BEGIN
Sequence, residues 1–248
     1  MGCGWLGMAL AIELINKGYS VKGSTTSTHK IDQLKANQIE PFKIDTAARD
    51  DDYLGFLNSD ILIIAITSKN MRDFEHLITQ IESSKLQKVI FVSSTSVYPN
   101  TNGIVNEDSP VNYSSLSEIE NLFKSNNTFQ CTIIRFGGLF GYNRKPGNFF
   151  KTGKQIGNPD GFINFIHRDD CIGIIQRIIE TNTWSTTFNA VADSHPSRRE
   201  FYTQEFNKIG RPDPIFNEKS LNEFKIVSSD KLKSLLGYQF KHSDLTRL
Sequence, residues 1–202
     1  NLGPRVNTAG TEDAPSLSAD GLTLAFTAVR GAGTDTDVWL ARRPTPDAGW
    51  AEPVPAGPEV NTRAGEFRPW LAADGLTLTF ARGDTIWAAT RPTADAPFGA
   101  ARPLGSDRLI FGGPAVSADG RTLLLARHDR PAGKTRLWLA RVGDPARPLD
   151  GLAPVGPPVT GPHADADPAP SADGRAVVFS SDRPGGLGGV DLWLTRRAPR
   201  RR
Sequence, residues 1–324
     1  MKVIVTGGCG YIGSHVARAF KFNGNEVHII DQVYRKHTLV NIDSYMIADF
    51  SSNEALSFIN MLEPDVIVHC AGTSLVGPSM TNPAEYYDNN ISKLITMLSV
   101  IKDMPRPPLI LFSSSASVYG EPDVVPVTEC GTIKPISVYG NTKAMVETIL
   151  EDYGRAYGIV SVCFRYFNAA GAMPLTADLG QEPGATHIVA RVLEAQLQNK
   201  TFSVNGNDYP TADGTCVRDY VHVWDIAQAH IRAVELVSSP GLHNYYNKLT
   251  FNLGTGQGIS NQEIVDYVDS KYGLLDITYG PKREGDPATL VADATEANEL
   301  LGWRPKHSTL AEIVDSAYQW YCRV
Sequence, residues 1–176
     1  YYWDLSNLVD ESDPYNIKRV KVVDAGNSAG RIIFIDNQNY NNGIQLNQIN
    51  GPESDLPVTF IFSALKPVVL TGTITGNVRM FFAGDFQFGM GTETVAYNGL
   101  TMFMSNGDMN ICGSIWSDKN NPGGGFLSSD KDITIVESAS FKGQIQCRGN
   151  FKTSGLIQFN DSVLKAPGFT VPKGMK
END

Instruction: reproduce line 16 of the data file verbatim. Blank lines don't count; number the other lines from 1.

   101  IKDMPRPPLI LFSSSASVYG EPDVVPVTEC GTIKPISVYG NTKAMVETIL